DURHAM – In his commencement address at Northwestern University, Illinois Governor JB Pritzker started by quoting the beloved ‘The Office’ character Dwight Schrute. It provided the opening humor that has become expected in a commencement address and set him up for a partisan quip. I found his main points about empathy and kindness particularly salient.

Thom Ruhe (NC IDEA photo)

The Governor observed that too many people today are “using cruelty as an adroit cudgel to gain power” and that empathy and kindness are considered weaknesses. Unfortunately, my observations would substantiate this assertion.

The work of economically empowering people through entrepreneurship is usually non-partisan. Most reasonable people agree that helping individuals become self-sufficient by pursuing the American Dream of entrepreneurship is good. Recently, however, we’ve seen an attack on economic empowerment initiatives (overwhelmingly supported by data) addressing decades-long under-investment in socially and economically disadvantaged individuals. Specifically, I am referring to the Fearless Fund lawsuit.

The lawsuit attempts to thwart efforts to address disparities in funding for BIPOC populations. To be clear, there is NO dispute of the data illustrating the obscene funding gaps. Per Harvard Business Review, citing research from other credible sources like McKinsey & Company and Boston Consulting Group, “Research repeatedly shows that companies with diversity in senior leadership significantly outperform their all-white, all-male counterparts. Diverse leadership generates better financial performancestronger innovation, and higher levels of startup success.” For experienced practitioners in economic development, we’ve known for decades that interventions targeted at leveling the playing field are not just the right thing to do but the smart thing to do.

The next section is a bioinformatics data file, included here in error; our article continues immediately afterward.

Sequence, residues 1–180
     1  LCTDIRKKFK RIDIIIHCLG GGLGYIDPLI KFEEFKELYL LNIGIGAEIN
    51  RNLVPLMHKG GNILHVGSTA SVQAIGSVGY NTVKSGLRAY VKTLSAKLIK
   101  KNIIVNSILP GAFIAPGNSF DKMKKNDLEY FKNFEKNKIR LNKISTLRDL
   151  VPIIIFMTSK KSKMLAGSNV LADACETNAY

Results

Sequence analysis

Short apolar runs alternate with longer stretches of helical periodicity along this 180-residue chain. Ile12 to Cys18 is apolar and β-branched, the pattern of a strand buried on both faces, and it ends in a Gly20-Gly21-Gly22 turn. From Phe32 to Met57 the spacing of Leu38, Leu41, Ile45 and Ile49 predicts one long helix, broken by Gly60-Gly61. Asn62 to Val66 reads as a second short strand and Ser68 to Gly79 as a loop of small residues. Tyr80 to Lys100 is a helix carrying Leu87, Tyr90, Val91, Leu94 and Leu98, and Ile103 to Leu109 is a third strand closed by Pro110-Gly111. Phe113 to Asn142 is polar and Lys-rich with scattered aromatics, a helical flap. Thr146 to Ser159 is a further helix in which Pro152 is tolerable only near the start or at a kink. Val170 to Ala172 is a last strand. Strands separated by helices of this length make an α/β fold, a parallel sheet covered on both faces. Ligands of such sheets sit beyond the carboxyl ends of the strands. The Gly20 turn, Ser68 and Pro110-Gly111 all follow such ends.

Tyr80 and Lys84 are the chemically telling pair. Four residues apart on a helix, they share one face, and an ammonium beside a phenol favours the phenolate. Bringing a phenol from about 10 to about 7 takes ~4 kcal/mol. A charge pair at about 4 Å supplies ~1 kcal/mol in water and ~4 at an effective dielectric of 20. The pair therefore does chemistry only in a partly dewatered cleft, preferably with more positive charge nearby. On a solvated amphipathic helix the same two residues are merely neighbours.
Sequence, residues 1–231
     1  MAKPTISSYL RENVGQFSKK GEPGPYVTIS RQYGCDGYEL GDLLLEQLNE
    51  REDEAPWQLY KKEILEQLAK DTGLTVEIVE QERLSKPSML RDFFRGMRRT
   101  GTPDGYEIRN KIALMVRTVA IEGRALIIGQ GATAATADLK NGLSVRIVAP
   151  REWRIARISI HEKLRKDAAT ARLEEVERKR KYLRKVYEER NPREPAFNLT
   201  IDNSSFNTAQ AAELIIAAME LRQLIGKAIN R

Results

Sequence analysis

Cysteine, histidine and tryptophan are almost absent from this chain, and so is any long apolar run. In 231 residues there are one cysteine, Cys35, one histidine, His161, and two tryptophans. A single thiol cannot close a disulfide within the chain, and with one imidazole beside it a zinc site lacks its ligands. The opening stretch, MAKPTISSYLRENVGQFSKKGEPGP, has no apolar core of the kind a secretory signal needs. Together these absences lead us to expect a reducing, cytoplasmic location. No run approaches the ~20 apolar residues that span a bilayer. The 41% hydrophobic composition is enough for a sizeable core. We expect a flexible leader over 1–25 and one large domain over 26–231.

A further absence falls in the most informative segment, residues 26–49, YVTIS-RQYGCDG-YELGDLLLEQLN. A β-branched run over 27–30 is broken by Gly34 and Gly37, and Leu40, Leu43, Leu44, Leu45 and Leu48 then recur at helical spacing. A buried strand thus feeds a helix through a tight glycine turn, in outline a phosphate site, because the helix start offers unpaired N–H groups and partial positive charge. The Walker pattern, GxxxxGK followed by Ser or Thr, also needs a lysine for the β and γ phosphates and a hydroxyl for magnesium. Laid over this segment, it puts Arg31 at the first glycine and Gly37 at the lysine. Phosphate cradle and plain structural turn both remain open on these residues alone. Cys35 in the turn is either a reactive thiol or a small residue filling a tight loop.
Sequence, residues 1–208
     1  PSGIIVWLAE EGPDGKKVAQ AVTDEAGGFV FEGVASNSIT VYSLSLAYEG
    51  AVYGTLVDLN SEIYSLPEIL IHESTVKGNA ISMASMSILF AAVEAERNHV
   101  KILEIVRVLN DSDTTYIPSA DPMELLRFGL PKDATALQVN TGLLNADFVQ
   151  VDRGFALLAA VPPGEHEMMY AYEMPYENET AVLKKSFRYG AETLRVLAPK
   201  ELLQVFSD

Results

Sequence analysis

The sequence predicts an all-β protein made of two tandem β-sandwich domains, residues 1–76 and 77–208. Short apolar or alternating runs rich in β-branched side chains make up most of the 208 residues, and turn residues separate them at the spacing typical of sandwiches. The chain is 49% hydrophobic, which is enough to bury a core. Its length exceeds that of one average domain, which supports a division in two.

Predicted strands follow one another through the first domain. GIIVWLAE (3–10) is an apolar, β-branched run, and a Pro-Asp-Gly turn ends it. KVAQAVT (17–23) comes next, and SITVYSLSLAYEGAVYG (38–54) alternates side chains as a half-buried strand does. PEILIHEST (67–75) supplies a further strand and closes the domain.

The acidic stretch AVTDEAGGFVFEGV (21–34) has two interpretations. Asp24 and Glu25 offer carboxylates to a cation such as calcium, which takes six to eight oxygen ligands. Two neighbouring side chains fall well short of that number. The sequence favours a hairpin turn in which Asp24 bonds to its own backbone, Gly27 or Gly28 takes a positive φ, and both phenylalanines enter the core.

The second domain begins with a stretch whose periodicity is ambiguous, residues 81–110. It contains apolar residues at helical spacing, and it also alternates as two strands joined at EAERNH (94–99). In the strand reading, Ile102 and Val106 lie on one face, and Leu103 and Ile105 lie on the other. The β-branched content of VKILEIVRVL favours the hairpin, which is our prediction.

I am optimistic to see the outpouring of public support for the Fearless Fund. I wonder if this indefensible ploy will have consequential blowback for those trying to take our economy back to a time of great inequality. For some, such efforts evoke fear that helping marginalized groups comes at some perceived but unidentifiable cost to them. Overcoming such fear requires courage, which is currently in short supply.

We will continue to embody our values in the work of programs like the NC Black Entrepreneurship Council. Speaking of which, our friends at GrepBeat just published an excellent article summarizing those efforts.

Rest assured, we will stay the course and have much more to say about this at our Fall Summit in November. Until then, let me close by quoting Governor Pritzker once more when he said, “The kindest person in the room is often the smartest.”